I was interviewed on CBC Radio One, Ontario Today with Rita Celli today. I don’t listen to radio all that much and wasn’t familiar with the show – but a friend’s referral to the producer of Fresh Air started a chain of connections that led me to Ontario Today. The format is: interview for about 15 minutes, then call-in for the next half hour or so.
I was worried that I wouldn’t have enough interesting things to say, or that I would be misinterpreted, or that a caller would challenge me on something I said and I would stumble on a response. If you tuned in, you would know that none of that happened. A positive experience all round and I would do it again in a heartbeat. You can download the podcast here.
I cringed only once. It was when the host, as a lead-in, characterized my message in a way I was uncomfortable with–reducing my message to ‘everything is fake and hope is snake oil’. I had a chance to explain myself, to say “Well, not quite…” and explain that I thought the healthcare system required us to engage in fake work and cheerful pretend and wishful thinking. But I felt defensive. I thought, “Oh no! Parents are going to think I’m saying that what they’re doing is useless!”
But in the end, it was the callers, parents and therapists alike, who called to say that they also felt that there was too much work, too much pretend, too much hope that leads us down garden paths going nowhere. I think we could have taken calls all afternoon and chatted away for many more hours–there was no shortage of stories.
I was nervous before the show and made some notes, included below. These were the things that I absolutely wanted to say before the call ended. I think I got most of them in. And I think I now have my next few blog posts planned out . . . !
- I am sharing my story for others to take from it what they will.
- I don’t have specific advice about actions. My own learning was about self-discovery, creating intention, uncovering motivations – asking the hard questions of what really matters. The outcomes will be different for every family.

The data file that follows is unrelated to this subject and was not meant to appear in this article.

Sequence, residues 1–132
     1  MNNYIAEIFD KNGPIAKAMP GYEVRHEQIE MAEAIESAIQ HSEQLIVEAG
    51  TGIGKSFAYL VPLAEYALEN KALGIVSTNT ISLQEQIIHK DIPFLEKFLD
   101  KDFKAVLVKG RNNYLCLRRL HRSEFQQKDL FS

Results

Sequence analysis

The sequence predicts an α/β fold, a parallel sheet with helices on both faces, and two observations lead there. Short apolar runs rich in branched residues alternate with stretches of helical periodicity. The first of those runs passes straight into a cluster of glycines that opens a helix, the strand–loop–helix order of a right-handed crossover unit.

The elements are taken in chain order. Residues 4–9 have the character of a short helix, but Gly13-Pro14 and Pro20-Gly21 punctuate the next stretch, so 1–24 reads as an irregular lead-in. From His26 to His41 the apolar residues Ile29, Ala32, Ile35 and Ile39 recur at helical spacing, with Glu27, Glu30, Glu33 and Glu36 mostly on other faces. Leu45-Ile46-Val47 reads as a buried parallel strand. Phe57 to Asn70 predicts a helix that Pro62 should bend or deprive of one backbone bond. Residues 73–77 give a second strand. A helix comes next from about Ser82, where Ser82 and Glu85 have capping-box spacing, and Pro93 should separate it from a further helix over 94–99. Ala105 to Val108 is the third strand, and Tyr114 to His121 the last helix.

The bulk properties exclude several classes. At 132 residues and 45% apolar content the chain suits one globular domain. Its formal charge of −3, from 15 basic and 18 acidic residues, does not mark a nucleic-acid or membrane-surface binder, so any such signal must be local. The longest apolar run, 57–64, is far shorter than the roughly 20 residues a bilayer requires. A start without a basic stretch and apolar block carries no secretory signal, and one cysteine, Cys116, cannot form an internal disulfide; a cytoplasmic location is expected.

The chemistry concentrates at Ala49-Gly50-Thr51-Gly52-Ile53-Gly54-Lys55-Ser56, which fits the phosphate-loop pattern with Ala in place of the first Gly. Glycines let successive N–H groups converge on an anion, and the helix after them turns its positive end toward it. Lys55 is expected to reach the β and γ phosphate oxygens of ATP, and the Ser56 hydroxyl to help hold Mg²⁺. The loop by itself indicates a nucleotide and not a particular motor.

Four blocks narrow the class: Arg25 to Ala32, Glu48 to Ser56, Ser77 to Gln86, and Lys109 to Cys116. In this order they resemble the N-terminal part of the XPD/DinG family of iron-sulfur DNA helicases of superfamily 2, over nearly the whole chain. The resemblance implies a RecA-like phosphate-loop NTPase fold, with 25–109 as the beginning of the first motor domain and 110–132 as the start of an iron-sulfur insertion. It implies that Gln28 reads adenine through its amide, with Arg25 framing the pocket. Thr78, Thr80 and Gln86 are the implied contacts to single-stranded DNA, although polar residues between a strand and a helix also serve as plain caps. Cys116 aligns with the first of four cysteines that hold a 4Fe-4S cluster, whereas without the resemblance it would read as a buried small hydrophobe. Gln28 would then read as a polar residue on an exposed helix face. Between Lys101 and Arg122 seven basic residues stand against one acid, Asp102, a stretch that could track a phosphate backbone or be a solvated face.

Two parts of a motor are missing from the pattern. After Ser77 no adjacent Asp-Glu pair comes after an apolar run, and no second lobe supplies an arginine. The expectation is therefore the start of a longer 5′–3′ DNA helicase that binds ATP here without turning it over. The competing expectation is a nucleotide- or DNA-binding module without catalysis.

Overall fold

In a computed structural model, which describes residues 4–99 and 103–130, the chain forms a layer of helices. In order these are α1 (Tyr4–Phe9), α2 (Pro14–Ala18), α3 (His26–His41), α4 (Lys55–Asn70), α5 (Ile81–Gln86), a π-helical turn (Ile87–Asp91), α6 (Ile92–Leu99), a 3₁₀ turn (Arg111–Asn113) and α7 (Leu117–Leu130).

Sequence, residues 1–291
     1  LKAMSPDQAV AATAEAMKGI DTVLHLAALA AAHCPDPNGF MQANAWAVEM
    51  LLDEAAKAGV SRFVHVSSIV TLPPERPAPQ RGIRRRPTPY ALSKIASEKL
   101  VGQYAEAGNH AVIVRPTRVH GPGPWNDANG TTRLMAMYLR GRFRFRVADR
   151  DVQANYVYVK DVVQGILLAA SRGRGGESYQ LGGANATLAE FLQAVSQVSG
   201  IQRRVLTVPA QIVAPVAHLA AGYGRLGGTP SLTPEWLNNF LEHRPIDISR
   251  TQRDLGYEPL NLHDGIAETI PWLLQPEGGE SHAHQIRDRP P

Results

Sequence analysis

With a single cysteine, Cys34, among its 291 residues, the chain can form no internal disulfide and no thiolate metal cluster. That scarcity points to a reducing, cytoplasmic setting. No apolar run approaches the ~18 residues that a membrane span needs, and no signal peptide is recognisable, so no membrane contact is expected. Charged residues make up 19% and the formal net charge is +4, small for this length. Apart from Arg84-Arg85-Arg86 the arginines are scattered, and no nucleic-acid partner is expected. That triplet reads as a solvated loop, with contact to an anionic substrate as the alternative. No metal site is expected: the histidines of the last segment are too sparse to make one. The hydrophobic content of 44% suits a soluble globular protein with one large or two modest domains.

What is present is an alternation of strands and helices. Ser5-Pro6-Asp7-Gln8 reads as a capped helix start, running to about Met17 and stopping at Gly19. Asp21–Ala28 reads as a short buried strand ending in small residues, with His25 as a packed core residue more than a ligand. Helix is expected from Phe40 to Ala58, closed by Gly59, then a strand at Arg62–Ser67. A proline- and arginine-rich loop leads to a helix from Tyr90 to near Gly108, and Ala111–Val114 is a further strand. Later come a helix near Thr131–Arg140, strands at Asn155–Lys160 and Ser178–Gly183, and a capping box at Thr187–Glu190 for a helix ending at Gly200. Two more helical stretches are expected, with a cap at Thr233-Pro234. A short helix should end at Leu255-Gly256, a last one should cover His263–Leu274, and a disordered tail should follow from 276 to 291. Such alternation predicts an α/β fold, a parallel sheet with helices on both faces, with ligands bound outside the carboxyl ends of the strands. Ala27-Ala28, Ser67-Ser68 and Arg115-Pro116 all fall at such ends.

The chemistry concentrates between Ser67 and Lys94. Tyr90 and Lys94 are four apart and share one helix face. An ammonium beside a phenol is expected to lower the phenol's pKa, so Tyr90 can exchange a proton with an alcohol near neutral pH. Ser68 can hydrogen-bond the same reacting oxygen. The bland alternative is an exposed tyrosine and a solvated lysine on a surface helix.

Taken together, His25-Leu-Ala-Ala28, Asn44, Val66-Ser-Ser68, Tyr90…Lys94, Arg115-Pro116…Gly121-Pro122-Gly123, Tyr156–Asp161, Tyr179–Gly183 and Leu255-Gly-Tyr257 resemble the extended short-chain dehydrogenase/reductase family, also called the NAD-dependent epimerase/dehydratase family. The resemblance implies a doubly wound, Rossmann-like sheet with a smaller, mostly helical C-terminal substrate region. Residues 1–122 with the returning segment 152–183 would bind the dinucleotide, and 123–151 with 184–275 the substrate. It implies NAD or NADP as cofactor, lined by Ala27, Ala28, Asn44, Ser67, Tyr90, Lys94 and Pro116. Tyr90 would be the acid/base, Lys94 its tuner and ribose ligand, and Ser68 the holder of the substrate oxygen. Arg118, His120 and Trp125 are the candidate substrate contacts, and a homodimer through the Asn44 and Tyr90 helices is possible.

- There are many heart-warming and inspirational stories in the media, online, other memoirs. Overcoming odds, disabilities. Even miracles. No one I know experiences life this way. Ian Brown’s book “Boy in the Moon” is a good example of an alternate voice. I wanted to do the same – add another perspective.
- The system is a well-oiled machine with many moving parts. Parents with disabled children are, by comparison, naïve and inexperienced. It’s easy to adopt the prevailing perspectives. It’s important to maintain agency and intentional choice.
- Efforts to support a child are certainly an expression of love, but they are not a measure of love. Parents don’t have to prove anything. We all understand the depth of love a parent has for a child.
- No one else is better positioned to make decisions on behalf of your child. Take the responsibility seriously, make decisions with intention.
- Be flexible, agile, become a skeptic.
- My message is not about individual therapies or interventions or specific decisions – it’s about what perspective you bring and the way you regard your child. To honour their humanity, meet them where they are.
- Protect childhood.
- We are critical of parents who overschedule or over-parent their children. Why doesn’t this apply to disability as well? We are praised for overworking and it is assumed this is required.
- No wonder parents can be distraught when they learn their child is going to have a disability. Not surprising physicians might counsel a family to consider terminating a pregnancy – it is assumed to be a grueling life full of disappointments. I suggest it doesn’t have to be.
- Imagine being on the receiving end of this amount of effort and work. Imagine being a child with no real awareness that there is something wrong with you, and being taken to appointment after appointment, made to work, perform, take off your clothes, pushed through your tears, assessed, monitored, tracked—then experiencing the angst and tears and worry of your parents. I wonder how that must feel.